Our favorite games. We reminisce fondly upon them. They line the shelves in the halls of our memory; over time some collect dust, but for those that endure, they remain in our lives to be recalled, replayed, and shared. The definition of favorite varies. Some make favorite because they provide incredible action, memorable stories, engaging mechanics, or intense visuals. But the games that really reach our most hallowed heights of “favorite games” are those that attach us to a time in our past.
For me one of those games comes from an unlikely genre: classic board war games. Terrible Swift Sword is an old game, originally published by the long defunct SPI in 1976, it was updated with a second edition in 1986 by TSR when that company bought the rights to SPI’s intellectual property. The second edition copy that sits firmly in an honored place on my game shelf was a gift by one of my oldest friends. Together we spent countless hours in our youth playing the classic war games, from the venerable Tactics II to contemporary games like Ultimatum. The year 1986 was at the twilight of classical board war gaming and this copy of Terrible Swift Sword was the last boxed war game either of us purchased. That in itself gives it an emotional edge, being the last of its kind; but what made this even more special is that it was bought in Gettysburg. We were both Civil War buffs and his trip to Gettysburg while on leave with the U.S. army was one of those seminal moments for any student of the conflict. I knew he would be visiting the battlefield (by a written letter to me, yes handwritten; this was 1986 and email was unheard of), but when he came back with a copy of a game we had read about but never had seen a copy of (remember no internet either), well, I was ecstatic. At this point in our lives things were changing, I was in college, he had his military career, and the time we had to sit down to a lengthy board game was hard to come by. That scarcity of opportunity made the few times we were able to play even more special. Being students of the battle, we often discussed General James Longstreet’s actions with lively debate, so naturally, we placed a picture of him in the box top so that when we faced off he could be placed upright and stand firm over the action, judging our strategies. The games went longer because we talked, laughed, and had fun just being there, sharing that time.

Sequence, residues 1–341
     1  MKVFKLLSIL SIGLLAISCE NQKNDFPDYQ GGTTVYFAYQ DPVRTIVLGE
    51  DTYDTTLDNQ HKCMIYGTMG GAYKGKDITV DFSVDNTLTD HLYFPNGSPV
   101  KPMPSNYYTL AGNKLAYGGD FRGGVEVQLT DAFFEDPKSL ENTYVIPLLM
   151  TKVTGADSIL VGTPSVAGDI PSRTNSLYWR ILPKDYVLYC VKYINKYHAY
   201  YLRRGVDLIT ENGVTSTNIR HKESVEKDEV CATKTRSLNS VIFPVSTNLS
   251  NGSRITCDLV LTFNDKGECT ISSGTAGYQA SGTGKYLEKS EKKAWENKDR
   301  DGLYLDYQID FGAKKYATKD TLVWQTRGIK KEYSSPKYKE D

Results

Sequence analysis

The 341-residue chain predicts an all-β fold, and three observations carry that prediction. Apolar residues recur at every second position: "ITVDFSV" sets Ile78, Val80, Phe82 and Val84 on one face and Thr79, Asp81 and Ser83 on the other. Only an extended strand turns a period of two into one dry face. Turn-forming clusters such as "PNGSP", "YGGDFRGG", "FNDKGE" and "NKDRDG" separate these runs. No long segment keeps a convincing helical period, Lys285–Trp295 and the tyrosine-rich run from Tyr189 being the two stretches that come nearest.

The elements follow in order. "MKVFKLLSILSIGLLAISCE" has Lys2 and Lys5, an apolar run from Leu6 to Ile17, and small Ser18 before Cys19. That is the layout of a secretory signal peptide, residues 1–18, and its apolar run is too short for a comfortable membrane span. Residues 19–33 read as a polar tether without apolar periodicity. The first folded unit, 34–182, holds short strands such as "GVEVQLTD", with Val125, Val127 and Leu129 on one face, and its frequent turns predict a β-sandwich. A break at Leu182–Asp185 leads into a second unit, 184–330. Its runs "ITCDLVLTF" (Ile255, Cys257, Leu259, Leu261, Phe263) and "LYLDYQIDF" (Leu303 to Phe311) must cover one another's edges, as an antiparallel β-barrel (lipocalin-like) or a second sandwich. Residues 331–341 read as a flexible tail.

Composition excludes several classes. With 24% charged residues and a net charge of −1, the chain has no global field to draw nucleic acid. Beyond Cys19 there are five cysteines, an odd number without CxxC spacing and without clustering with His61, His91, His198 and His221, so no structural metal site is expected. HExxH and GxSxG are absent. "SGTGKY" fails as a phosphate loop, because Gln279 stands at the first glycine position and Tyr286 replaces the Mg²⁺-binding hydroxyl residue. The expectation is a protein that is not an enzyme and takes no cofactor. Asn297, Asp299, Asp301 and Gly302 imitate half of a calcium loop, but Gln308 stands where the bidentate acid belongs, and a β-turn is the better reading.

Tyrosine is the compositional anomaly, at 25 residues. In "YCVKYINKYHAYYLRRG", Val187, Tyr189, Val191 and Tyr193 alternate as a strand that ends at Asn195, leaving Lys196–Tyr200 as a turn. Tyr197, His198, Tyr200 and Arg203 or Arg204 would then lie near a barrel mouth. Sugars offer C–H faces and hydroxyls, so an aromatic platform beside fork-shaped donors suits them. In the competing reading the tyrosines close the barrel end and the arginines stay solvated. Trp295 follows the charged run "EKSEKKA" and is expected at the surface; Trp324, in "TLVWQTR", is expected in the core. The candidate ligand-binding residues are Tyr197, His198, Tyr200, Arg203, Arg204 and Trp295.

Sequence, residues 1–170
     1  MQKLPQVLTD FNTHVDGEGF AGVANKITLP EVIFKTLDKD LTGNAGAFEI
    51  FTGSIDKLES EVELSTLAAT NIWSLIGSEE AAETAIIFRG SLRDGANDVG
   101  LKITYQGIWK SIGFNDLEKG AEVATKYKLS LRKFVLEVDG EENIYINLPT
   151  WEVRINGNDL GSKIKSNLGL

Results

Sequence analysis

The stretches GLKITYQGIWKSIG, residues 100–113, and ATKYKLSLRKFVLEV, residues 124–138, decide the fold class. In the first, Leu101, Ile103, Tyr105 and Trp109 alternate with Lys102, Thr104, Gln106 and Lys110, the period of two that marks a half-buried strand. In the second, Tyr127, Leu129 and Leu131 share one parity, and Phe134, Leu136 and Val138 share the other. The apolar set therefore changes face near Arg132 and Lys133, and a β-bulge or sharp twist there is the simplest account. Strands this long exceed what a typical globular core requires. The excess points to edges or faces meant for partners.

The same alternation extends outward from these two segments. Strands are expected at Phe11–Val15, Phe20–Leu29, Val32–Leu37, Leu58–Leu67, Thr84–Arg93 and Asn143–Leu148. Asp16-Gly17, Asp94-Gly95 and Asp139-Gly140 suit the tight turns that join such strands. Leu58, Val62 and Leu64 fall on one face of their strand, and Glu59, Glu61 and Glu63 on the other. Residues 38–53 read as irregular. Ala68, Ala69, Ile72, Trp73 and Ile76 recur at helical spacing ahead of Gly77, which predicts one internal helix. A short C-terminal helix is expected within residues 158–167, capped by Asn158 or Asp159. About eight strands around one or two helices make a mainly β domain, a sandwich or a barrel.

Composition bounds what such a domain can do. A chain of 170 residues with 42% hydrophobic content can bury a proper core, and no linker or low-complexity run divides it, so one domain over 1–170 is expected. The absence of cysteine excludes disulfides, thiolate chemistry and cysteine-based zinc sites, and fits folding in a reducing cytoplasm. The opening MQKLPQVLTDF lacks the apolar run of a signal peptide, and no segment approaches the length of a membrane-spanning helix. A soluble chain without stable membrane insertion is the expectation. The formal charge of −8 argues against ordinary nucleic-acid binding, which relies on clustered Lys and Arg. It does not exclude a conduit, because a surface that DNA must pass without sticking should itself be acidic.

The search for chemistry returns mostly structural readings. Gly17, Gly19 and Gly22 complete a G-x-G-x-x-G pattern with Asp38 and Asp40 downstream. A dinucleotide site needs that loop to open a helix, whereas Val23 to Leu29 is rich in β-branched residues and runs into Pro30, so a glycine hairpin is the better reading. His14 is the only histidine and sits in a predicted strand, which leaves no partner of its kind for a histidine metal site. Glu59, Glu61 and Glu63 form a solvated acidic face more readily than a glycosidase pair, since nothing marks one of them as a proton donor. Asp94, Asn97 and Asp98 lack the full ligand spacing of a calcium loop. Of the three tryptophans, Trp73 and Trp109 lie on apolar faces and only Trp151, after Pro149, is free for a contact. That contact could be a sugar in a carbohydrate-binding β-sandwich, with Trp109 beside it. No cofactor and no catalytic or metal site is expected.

All of this history transformed that copy of Terrible Swift Sword from another of the many, to one of the special; one of the unforgettable that I take down from my shelf with care, open the box, and remember.